So Johnny burns his hand almost immediately after disobeying Lapham. He's almost done with the piece when Lapham comes in and tells him that is time for prayers. Johnny asks for a reasonable amount of time. The others in Lapham's home sympathize with Johnny, who has put considerable effort in fulfilling the contract on the piece and advocate for his reasonable request. Lapham, again, kind of seems out of touch with Johnny. While he's supposed to be the wise, logical patriarch, he again comes across as almost an Ebenezer Scrooge. (Only with religion instead of money.) Unflinching to his own particular wishes, Lapham causes a bit of a hullaballoo and Johnny burns his hand, leaving him maimed and unable to continue his apprenticeship as a metalworker. It really does seems like, "Johnny didn't pray to God on time; God took Johnny's hand in retribution." That's such a weird turn that I don't know how to feel about. Like, God doesn't really do that. I don't know if we're that on board with karma from a Christian perspective. And it wasn't like Johnny wasn't going to pray. He just needed a mo to put his stuff away and be a proper apprentice. If Lapham had helped him earlier, they wouldn't really be in this predicament. But Lapham's giving-up attitude caused Johnny to lose his hand. That should have been Johnny's motivation for the rest of the story.
Again, a lot of my interpretation came from the rush job that the movie did. I hear that the book did it a lot better. But the rest of Johnny's motivations come across as stilted too. Johnny doesn't pick any jobs that a one handed man could do. That's the central idea behind the job search in the book. If Johnny Tremain's central vice is pride, that is really not well sold in the movie. Johnny's choices of potential replacement jobs makes him seem kind of stupid. He keeps doing all these gigs that would instantly get him fired. Like, there's the scene with the boat captain. He's about to get this sweet gig, but he couldn't take the job because he couldn't shake the captain's hand? How far did he think he was going to get when everyone noticed that he wasn't able to hold his weight? He couldn't shake the captain's hand! Come on. That's a bit much. But this is kind of the problem with the direct adaptation. I know that there are a lot of changes in the film, but the speed run of everything makes Johnny come across as dumb as opposed to dealing with complex morality. It's odd that Johnny wants to be related to Lyte because nothing builds up that relationship to begin with. Because he's a Disney villain, we only get characterization in terms of black-and-white.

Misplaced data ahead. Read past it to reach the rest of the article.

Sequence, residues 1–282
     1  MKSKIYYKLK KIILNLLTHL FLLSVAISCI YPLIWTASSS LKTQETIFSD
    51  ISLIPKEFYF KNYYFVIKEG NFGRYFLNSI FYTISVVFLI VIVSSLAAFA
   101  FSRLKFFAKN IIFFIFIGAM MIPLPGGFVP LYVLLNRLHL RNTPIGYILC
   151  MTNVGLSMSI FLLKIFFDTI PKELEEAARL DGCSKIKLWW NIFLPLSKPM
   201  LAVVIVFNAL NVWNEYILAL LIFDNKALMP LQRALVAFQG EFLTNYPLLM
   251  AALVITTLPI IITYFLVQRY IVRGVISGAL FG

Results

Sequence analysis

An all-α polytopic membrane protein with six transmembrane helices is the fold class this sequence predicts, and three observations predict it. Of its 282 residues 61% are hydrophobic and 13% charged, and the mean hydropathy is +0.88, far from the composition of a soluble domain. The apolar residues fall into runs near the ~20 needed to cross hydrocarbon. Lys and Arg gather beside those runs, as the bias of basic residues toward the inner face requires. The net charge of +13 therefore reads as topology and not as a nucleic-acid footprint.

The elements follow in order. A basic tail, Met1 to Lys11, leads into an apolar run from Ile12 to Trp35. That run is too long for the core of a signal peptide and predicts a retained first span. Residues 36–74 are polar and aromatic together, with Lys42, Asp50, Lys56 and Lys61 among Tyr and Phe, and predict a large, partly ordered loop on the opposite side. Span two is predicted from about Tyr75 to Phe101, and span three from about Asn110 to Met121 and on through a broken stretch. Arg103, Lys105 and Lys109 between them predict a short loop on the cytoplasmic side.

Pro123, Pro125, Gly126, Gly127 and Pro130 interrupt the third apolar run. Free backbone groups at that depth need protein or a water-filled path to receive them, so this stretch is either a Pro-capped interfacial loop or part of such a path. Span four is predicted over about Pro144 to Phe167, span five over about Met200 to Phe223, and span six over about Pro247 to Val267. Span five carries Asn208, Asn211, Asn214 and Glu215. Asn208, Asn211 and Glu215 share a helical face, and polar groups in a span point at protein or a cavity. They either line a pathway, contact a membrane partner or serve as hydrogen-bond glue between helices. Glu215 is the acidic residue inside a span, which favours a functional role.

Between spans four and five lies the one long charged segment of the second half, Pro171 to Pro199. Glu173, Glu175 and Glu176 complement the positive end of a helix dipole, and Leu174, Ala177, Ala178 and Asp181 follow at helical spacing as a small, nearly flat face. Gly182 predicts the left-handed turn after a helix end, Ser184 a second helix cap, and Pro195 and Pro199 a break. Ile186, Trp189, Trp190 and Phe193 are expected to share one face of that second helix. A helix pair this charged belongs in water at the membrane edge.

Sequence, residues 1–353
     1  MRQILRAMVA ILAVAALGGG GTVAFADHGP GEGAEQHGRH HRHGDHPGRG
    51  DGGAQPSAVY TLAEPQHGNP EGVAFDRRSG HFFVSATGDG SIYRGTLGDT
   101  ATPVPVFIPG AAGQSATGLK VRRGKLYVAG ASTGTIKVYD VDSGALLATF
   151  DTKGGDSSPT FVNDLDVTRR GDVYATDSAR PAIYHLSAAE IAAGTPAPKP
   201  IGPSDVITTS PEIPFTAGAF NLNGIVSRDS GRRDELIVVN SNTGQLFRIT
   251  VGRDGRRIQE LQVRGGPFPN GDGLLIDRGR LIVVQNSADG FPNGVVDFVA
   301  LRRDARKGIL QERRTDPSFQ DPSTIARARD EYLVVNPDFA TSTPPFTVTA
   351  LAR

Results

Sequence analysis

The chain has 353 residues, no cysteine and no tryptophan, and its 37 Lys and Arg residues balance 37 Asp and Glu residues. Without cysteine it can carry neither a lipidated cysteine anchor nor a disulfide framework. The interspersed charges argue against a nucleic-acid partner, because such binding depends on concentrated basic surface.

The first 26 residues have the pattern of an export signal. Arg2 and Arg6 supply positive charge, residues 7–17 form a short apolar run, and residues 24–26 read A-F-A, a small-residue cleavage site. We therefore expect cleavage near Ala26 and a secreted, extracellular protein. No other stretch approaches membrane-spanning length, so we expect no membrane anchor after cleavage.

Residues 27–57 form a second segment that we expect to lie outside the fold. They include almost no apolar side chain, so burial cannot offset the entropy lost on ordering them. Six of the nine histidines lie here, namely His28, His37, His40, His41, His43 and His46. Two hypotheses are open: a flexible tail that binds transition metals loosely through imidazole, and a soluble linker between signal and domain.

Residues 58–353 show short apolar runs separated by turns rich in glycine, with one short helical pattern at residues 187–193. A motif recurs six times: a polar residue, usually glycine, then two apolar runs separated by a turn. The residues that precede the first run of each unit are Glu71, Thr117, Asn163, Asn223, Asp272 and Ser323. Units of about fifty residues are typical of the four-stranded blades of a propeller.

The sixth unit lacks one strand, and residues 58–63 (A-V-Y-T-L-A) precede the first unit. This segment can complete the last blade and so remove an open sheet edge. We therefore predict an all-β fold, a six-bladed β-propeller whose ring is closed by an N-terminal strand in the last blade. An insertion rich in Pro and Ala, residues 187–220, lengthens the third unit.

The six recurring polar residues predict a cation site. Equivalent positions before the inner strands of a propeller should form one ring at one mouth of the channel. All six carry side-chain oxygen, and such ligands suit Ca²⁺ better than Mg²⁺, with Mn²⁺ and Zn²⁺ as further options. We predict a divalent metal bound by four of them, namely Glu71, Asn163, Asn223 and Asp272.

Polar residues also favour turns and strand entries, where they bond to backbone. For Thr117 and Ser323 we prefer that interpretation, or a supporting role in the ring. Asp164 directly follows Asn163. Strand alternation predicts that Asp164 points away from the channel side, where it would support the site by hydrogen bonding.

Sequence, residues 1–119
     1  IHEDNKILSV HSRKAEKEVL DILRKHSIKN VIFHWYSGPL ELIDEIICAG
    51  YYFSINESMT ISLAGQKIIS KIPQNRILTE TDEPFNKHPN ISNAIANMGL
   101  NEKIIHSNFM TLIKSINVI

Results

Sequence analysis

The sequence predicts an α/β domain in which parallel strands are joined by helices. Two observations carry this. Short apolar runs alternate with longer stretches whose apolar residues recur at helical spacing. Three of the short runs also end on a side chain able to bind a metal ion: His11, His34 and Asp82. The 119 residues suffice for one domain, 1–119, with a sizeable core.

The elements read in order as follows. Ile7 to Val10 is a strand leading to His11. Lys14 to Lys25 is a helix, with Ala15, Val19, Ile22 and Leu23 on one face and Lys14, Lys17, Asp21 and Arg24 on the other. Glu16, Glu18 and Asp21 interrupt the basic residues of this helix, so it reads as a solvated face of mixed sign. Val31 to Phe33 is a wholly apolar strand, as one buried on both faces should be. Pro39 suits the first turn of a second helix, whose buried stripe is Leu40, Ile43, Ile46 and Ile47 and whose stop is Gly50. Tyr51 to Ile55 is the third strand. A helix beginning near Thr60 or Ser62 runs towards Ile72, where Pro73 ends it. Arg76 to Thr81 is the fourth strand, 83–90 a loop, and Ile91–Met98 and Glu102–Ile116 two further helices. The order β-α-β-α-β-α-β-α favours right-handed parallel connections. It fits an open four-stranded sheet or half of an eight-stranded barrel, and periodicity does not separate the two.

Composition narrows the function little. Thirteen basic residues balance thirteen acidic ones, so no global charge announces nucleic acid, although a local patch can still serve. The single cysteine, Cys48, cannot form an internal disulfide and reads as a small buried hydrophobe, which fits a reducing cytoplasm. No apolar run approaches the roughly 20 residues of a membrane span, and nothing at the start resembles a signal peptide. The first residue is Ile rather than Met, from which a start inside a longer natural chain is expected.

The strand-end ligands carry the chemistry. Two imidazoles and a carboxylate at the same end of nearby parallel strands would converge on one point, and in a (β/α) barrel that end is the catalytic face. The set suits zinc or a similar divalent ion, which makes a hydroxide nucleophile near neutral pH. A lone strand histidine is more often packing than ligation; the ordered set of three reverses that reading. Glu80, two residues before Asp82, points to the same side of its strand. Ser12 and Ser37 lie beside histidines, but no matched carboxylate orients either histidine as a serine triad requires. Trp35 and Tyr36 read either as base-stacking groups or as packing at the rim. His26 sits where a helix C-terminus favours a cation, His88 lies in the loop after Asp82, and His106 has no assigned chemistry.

It's so weird that the first half hour of the movie reads very differently from the rest of the film. My kid was super bored by this point and wasn't paying attention at all. I didn't quite get the insight into the rest of the novel as I did from the first half hour. It is something that happens. But while the first half hour of the movie comes across as an origin tale for Johnny Tremain, the rest of the movie seems to be a museum tour of history. Johnny Tremain seemed to be on the fringes of the major moments of the American Revolution from that point out. I watched the whole thing, probably more intently than anyone else in the room, but I didn't really get much from the rest of the film. I wish I was more patriotic. I feel if I was, this movie would be a tearjerker for me. It's just that I never really got the concrete connection between Johnny, the character who flash fried his hand, and the events of the American Revolution. They seem to be disparate. Like, I don't need Johnny there at all. It's just an excuse to have a protagonist for an event that wasn't centered around one person.
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Film is great. It can challenge us. It can entertain us. It can puzzle us. It can awaken us.
Mr. H has watched an upsetting amount of movies. They bring him a level of joy that few things have achieved.